Whatever Wednesday: Eighteen Months and 120 Lbs ago…

Talitha, I look at you as an inspiration. I just want to ask, how did you do it?
I’m so discouraged and you look so great? What did you do?

Can you help me, I have struggled, feel hopeless, etc.

You look awesome! I need help/advice. What’s your secret?

I love that people see me and feel like there is hope. If you’ve known me or “read” me any longer than a week you will now that I have no secrets.  This topic is a difficult one, though.

Let me say here that I do NOT mind being asked. I welcome questions. That’s who I am and I am always willing to share.

I hate that my answer, upon being given, is almost immediately discredited. Oh, that? Nevermind.

In reality, any answer to losing a large amount of weight is not going to be easy. It would not be easy to limit calorie intake, try cross-fit or boot-camps, ban carbs-sugar-grains or whatever else the current weight loss trend is.  Change is never easy.  To the uneducated, inexperienced person though, my choice specifically falls under the “easy way out” category.

Eighteen months ago, today, I went to bed, for the last time, with a “full stomach”.

Ok, my stomach was not actually full. It was completely empty from three days of a liquid-only diet in preparation for surgery.  What I should say is that it was my last day with a WHOLE stomach, my ENTIRE stomach. The next morning I had the majority of that organ surgically removed.

Now, I could stop here and go into justifying why my experience was different.  To be honest I’ve written this blog post three or four times already, always focusing on why I had surgery when I’m the last person anyone expected to do this.  The nutshell of that is somewhat, true.

I was a health freak. I sprout my own foods, grind my own gluten-free flour, make everything from scratch, and eat healthier than just about anyone you may know in-real-life.  I regularly advised others on their health and diet, in spite of being greatly overweight myself.  That is actually quite an accomplishment now that I think of it. People listened to me regardless of my extra weight, but that is exactly what made this decision harder.  I was an example to many, without asking to be.  What would choosing weight loss surgery mean to them? I love encouraging and supporting others. It’s kinda my love language. Would this make my help null and void? It’s not judgment that concerned me as much as losing my ability to speak to others. It’s a bummer when you love that part of life.

For the official background, I was not a typical candidate for surgery. Technically my surgery was a repair for a severe hiatal hernia that had become dangerous. I had suffered from it for almost my entire life, without knowing what the pain was from. When we finally had it diagnosed, the damage to my stomach tissue had been extensive.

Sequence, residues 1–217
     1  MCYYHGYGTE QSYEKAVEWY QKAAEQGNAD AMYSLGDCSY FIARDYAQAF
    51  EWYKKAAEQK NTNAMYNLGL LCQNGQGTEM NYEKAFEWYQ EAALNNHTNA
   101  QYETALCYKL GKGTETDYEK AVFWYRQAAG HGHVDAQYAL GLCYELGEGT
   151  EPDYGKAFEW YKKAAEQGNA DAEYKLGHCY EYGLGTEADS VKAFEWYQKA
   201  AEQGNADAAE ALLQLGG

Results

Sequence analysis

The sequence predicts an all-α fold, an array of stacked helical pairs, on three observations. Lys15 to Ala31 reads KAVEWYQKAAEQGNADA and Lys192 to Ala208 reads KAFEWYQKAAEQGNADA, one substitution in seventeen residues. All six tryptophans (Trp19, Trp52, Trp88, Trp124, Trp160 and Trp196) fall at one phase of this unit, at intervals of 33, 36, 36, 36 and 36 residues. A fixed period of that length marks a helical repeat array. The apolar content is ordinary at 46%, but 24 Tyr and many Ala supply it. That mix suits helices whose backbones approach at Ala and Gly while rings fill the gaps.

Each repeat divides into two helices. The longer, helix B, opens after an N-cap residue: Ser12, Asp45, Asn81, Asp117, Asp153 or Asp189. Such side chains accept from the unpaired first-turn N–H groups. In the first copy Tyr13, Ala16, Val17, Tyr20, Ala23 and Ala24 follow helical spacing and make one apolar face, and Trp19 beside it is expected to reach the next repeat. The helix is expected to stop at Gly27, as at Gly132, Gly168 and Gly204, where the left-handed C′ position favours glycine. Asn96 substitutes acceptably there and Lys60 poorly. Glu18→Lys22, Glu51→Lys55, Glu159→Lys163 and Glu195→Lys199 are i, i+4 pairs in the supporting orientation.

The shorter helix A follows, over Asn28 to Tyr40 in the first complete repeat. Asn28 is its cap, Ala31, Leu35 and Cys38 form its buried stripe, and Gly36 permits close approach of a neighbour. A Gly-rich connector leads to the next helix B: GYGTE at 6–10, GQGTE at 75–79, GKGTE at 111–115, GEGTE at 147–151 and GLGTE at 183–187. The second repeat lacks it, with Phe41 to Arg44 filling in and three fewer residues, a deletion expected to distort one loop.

I spent a year refusing the surgery and trying all things natural, homeopathic, and alternative I could in an attempt to avoid surgery.  Nothing stuck and after my last ER visit when the GI told me that this could eventually kill me, I knew this was no joke. . It had to be removed. I said let’s fix it.
In short, yes, I agreed to somewhat medically necessary weight loss surgery. Then, since I was afraid of going through all of this and NOT losing weight, I voluntarily added the “intestinal redesignation” that would make it a true, full weight loss surgery instead of just the repair.

I was 5′ 4″ and had bounced from a size 14 to 18 for the majority of my life, since I was 14 years old.   Most people would say I could have lost the weight myself and that is true. In fact, I had! Several times!  I had been a size 8 at least three times in my life. I wore a size 6 for 5 minutes once. The problem is that I have never maintained it.  Choosing this surgery was not, in fact, for weight loss. It was for weight maintenance.  If I was going to do it, I wanted to go all the way. I’m not one for “halvsies”. Well, now I am because I can’t eat a full meal.  See what I did there? Humor is good medicine.

So to be clear, in case anyone thinks I have hidden or denied it, I DID have weight loss surgery, not just the repair to my hiatal hernia. I am not downplaying that decision. In fact, I would go as far as to say a prayer of thanks for my crappy esophagus and stomach. I thank them for needing to be removed. It brought me to the place of considering this option, and I do not think I would have in any other circumstance. I’m a true DIYer.

Thus, I was “fixed” and for 18 months I have been the owner of a new, small stomach and all the changed that brings to life.  The surgery was not easy. Within the week I was back at the hospital with double pneumonia and a few other ghastly, unmentionable issues.   Also, as I had learned from the preparation before surgery, the nutritional advice available to me was crap and I basically paid my copay to sit and educate the nutritionist about whole foods and not eating gluten and chemicals.  I don’t think I learned a thing, but she was really sweet… bless her heart.